Sorry, I got a little off topic, but that's my view on the subject.

heidiho
March 10th, 2005, 08:38 AM
I used to think crates sounded like a horrible thing,but when i had my puppy,and started him right off with it,i loved it,so did he,he would go in there on his own and eat his bones,or nap,i would grab my keys in the morning and he would go right in,no i think 8 hours in one sucks,But believe me there could be worse things for a dog then a comfy,air conditioned crate....................I am all for crating,,,,,,,,,,,,

Dahlia
March 10th, 2005, 08:55 AM
:eek: Oops, I just went back and read what I wrote earlier, and I didn't mean to say that if you work you shouldn't have a dog, but I don't think you should get a puppy IF it's going to have to stay in a crate all day and all night. Sorry.

mona_b
March 10th, 2005, 09:18 AM
I find nothing wrong with crating.What I do find wrong is someone using it to punish the dog/pup, or still crating once the pup is housetrained and not chewing.This should be the time when the dog/pup becomes a real part of the family.Sleeping at the end of the bed.Or in the kids room.Having them go from room to room to check and make sure the family is ok... :)

My fear about crating is what if there's a fire.Do you really have time to get them out of the crate?Especially those who keep them in the basement.

I never crated.I just blocked off the kitchen.And by 5-6 months,they had the run of the house.

sammiec
March 10th, 2005, 09:24 AM
Well, Briggs has had a crate since we brought her home at approximately 11 weeks old. She loves it, and it helps me realx a little while she's at home unsuperivsed. We NEVER use the crate for disipline! She goes in there on her own when we get home from work and the door is open. Some days she can spend up to 7 hours in there and she is perfectly content. She has toys, food, water, blankies.. everything. I leave the radio on, and the kitchen light. She has no problem with it.

She doesn't sleep in there at night, she has a bed beside ours. So the maximum she ever spends (out of 24 hours) is 7. I still think that's alot.

I was a tiny bit offended by the remark about North Americans see work as more important then their animals. I may be the minority, but I don't view work to be my priority. I work because I have to in order to survive. My priority is to make sure that my animals are safe and both alive when I come home. So, in some cases a crate can be your dog's best friend.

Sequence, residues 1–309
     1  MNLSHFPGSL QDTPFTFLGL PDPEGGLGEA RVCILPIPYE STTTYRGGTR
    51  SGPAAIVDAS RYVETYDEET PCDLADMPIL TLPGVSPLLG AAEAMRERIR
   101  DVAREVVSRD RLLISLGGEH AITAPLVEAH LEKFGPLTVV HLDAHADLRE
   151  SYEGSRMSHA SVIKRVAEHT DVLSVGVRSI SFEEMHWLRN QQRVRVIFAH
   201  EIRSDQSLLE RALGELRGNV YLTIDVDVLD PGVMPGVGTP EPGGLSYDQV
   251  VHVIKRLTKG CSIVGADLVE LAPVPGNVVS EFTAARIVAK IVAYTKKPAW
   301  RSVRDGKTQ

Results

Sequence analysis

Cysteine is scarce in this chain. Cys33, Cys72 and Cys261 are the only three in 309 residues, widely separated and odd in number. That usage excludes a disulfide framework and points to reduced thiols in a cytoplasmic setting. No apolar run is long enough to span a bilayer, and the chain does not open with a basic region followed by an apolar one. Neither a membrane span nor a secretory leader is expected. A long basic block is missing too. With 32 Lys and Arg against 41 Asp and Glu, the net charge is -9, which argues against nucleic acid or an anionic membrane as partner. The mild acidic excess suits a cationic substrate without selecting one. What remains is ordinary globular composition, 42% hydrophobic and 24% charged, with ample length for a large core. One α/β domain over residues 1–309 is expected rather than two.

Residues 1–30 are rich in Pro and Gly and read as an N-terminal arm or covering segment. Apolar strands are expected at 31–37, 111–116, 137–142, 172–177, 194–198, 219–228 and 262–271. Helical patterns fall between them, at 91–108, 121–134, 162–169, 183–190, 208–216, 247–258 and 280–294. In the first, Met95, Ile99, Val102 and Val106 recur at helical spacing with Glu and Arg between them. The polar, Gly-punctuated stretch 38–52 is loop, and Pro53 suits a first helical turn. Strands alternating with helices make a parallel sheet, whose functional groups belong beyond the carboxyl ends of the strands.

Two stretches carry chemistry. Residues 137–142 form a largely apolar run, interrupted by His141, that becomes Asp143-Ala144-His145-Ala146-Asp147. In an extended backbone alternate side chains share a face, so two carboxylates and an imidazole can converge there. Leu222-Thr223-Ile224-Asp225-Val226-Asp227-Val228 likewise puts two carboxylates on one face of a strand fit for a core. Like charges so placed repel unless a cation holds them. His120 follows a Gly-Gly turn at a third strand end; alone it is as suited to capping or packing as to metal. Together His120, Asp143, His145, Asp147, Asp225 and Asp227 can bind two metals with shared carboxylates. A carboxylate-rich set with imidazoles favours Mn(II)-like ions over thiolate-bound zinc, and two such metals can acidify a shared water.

In North America people do work alot; but it doesn't always mean they want to...it's the culture and lifestyle that has been created here and everyone is excepted to follow it, if we like it or not.
Not to brag, but I find that my dog is VERY well socialized and very well mannered and I do make an effort to give her the best possible care! Just because someone else doesn't work, doesn't mean they love their animal more then I do.

mona_b
March 10th, 2005, 09:33 AM
AMEN sammie.

I guess I missed that part.

heidiho
March 10th, 2005, 10:00 AM
:usa: :usa: :usa: :usa: :usa: I missed that to,are u kiddin me,work is more important than our animals,uh yeah my eating and having a roof over my head is my # 1 priority.....It takes working to feed and buy things for your animal also, :usa: .............................

SarahLynn123
March 10th, 2005, 10:05 AM
My concerns about crating while Im at work is 1) What if theres a fire, she would have to sit there and hope someone saved her. At least if shes able to move around, she has a chance of surviving. 2) What if someone robbed my house. As weve seen time and time again people are cruel and a dog unable to defend itself could get hurt or killed. (Ive been robbed before in a good part of the city so it does happen) Ive had friends fish killed by robbers (poured detergent in the water) and I worry what they are capable of doing to a caged animal. This happend in a small town. I got an older dog so the chewing was over and potty trained her without crating her (It did take a while though)

heidiho
March 10th, 2005, 10:13 AM
I see your point,but i guess everything in life is what if/////If that is what u worry about most then dont crate...To me it is like saying what if i get in my car and get in an accident what if i am walking and get hit by a car,everything has risks and benefits i guess.

sammiec
March 10th, 2005, 10:17 AM
Melanie-- I don't agree with crates either, none of my babies were ever caged except at the SPCA... The thing about North America (AND I HOPE I am not offending anyone too badly) but work is a huge priority here. People are so busy and work so many hours that they just don't have the time to spend with a puppy, in training and in supervision.

It was part of the original post. I don't think that Melanie meant it that way... though.. but I just hate that people have that view of North America... not all of us are money grubbers here!!! :p

I agree with Heidi's last post.. there are always "what ifs" If you have a sign that says "please save my animals in case of emergency" then that aspect can be taken care of.

heidiho
March 10th, 2005, 10:33 AM
It is true,i think the crating benefits out way the what if my place catches on fire,or what if someone breaks in,which whether the dog is in the crate or not most likely they would be armed anyway you know...

topaz_n29
March 10th, 2005, 10:43 AM